Thursday, December 1, 2011

Turkey, Tattoos and a Charlie Brown Tree

I apologize for not posting in several weeks. Coming back from the break, I haven't had much time to breath, much less reflect and write. Now that I have to simultaneously make worksheets and readings for the current week and create lesson plans for the upcoming week, all this with a finicky computer, poor internet and a shared printer I am not linked to, I basically work around the clock. Its not a problem, I knew this was going to be a lot of work, but it explains why I have been so absent in updating. 

Its mostly been work, but I have had a chance to get out too. A couple Thursdays ago (Thursday is the last day of the school week, then Friday and Saturday are the weekend and Sunday starts the week off), me and some girls had a girls night out in Ramallah. Some UK musicians we had met were playing at a pub there so we went to watch. It was like walking into a European pub. 90% of the people were ex-pats from various countries. We felt like we had left Palestine. It was bizarre. We ended up crashing at the house of one of the Americans we had met there.

Then last weekend was Thanksgiving. We all made dishes and brought them to our friend Emma's apartment for a Thanksgiving feast. We would have liked to have it at our house, but the camp is more conservative, and we aren't allowed to have men in our apartment. The American we met in Ramallah came too and brought his other two roommates. Two are from Seattle and the other from Hawaii. We also had a mix of other nationalities getting a taste of a traditional...or semi-traditional Thanksgiving. We had sweet potato casserole, green bean casserole, mashed potatoes, Musaka, rice, fruit salad, and lots of other dishes. The guys from Ramallah brought a 16 pound turkey which Emma masterfully baked in a less than legitimate oven. It was great to have all the traditional food and be around friends from work and outside of work. It didnt really feel like a normal Thanksgiving, but I think the word "normal" when referring to holidays is going to change now that I'm an adult on my own. It wasn't as hard as I thought it was going to be, but the pang of not being home with my family and not being able to see my best friends from home was definitely still sharp. Christmas will be the real test I suppose.

Speaking of which, the Christmas season has begun in our little house. Walking outside you would never know, but inside we now have a Charlie Brown Christmas tree Lindsey bought yesterday. We put up some Ramadan lights we found in the closet, and plan to get more decorations this weekend (we plan on taking a night/day trip to Bethlehem). Lindsey also has materials to make clay ornaments and paint them, and then we intend to string popcorn as well and make several other paper-based decorations for the house. We have officially turned on the Christmas music and have even caught a couple Christmas movies on TV (of course none of the good ones, but for now we're just happy for the familiarity of Christmas Spirit beyond our own computers and walls). They also have  a TON of chocolate commercial looking advent calendars!! We're each getting one in our apartment! Its funny because the kids have been running around with them for weeks just eating the candy. We also spotted some chocolate Santas at the supermarket. I have no doubt Ramallah and Bethlehem have more since they have significant Christian populations, whereas there are very few here.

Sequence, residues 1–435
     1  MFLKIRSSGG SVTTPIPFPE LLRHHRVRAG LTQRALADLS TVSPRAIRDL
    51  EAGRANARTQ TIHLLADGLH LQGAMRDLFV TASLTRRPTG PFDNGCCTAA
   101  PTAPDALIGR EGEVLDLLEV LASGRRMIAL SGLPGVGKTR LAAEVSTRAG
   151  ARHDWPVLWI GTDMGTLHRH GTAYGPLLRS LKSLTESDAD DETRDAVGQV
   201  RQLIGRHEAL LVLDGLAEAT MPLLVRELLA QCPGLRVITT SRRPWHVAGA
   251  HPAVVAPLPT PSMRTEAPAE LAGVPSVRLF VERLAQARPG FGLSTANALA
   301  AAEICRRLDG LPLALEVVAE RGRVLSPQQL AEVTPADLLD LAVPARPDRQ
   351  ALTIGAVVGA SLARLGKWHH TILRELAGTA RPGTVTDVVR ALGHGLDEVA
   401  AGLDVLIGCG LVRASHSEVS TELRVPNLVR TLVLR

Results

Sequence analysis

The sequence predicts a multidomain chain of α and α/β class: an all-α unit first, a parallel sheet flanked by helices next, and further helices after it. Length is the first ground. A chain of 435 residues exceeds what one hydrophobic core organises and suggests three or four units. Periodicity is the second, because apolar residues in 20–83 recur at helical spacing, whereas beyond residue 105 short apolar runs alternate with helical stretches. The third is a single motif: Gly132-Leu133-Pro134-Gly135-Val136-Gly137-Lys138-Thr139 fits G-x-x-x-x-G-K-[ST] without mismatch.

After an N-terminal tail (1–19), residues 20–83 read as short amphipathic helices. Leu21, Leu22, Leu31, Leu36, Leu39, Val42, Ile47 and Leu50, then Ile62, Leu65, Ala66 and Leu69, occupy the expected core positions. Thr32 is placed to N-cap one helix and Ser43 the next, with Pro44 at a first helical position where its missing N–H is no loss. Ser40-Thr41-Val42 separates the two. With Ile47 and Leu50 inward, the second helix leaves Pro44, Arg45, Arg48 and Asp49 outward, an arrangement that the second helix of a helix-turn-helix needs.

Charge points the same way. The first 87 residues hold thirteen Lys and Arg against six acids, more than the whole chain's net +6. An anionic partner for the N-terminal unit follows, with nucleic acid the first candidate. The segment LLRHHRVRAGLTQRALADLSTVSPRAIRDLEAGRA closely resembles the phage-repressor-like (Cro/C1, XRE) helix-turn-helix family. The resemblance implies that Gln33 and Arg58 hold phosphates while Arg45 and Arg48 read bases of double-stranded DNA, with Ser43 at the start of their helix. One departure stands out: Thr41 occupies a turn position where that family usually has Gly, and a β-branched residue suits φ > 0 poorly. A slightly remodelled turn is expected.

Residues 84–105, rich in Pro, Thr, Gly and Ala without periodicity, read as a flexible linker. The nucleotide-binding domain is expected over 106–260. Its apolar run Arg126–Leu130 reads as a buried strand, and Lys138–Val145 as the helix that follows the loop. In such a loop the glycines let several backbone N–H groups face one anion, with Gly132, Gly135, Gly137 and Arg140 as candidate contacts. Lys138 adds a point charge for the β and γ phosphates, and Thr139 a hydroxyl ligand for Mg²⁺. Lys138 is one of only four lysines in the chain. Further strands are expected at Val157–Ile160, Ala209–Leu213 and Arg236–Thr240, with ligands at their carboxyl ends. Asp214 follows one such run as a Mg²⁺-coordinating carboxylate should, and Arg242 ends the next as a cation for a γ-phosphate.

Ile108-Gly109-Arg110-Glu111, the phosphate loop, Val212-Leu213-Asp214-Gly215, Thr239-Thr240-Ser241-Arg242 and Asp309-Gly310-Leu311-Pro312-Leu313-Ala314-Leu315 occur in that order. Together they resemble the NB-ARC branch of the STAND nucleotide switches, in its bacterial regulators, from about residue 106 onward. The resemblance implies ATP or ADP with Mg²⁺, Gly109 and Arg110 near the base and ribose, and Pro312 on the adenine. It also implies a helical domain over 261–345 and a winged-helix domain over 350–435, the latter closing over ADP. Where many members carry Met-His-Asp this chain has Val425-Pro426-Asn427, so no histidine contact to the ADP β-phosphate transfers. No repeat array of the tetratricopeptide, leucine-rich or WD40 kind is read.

Our big plan is to go to Bethlehem for Christmas Eve and then either come home or stay with friends in Ramallah for Christmas day (more comfortable and intimate than being in a city where we don't have a place to stay). I'm pretty excited for that!

Tattoos: We've been talking about getting them in Bethlehem, something small. I might not be ready for that kind of commitment, but what I did end up with was four temporary tattoos from my Balata kids plastered on my hands and wrists...of course who doesn't want four cars on their hands??

Speaking of my Balata kids, they seriously make all the pain worth it, well the second class at least. The private school class is always a challenge because the kids do not listen. Then I commute to Balata and teach a now very large class of beginners. Its hard because the levels are all over the place and maintaining control of such a wide range of ages and levels is difficult. But then comes my older kids. The class is smaller and they always make me smile. There are two girls in the class whom I just love. They are so sweet and eager to learn and they tell me they love me after class. One day the one girl came to class looking upset. I took her outside and found out a couple of older boys had pushed her over. It's one of the few times where I have very seriously wanted to beat someone up. Had the boys been around, I think I would have thrown a couple punches and said some pretty terrible things, so maybe it is a good thing they weren't around...

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